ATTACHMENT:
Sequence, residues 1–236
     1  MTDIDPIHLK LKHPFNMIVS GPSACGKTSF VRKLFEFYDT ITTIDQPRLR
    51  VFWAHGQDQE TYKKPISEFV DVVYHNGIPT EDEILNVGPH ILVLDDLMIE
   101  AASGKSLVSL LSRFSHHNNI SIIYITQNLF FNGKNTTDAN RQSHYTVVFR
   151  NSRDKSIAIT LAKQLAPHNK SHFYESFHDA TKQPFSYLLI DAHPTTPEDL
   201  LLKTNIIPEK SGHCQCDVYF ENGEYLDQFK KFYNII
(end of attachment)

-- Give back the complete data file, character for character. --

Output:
Sequence, residues 1–236
     1  MTDIDPIHLK LKHPFNMIVS GPSACGKTSF VRKLFEFYDT ITTIDQPRLR
    51  VFWAHGQDQE TYKKPISEFV DVVYHNGIPT EDEILNVGPH ILVLDDLMIE
   101  AASGKSLVSL LSRFSHHNNI SIIYITQNLF FNGKNTTDAN RQSHYTVVFR
   151  NSRDKSIAIT LAKQLAPHNK SHFYESFHDA TKQPFSYLLI DAHPTTPEDL
   201  LLKTNIIPEK SGHCQCDVYF ENGEYLDQFK KFYNII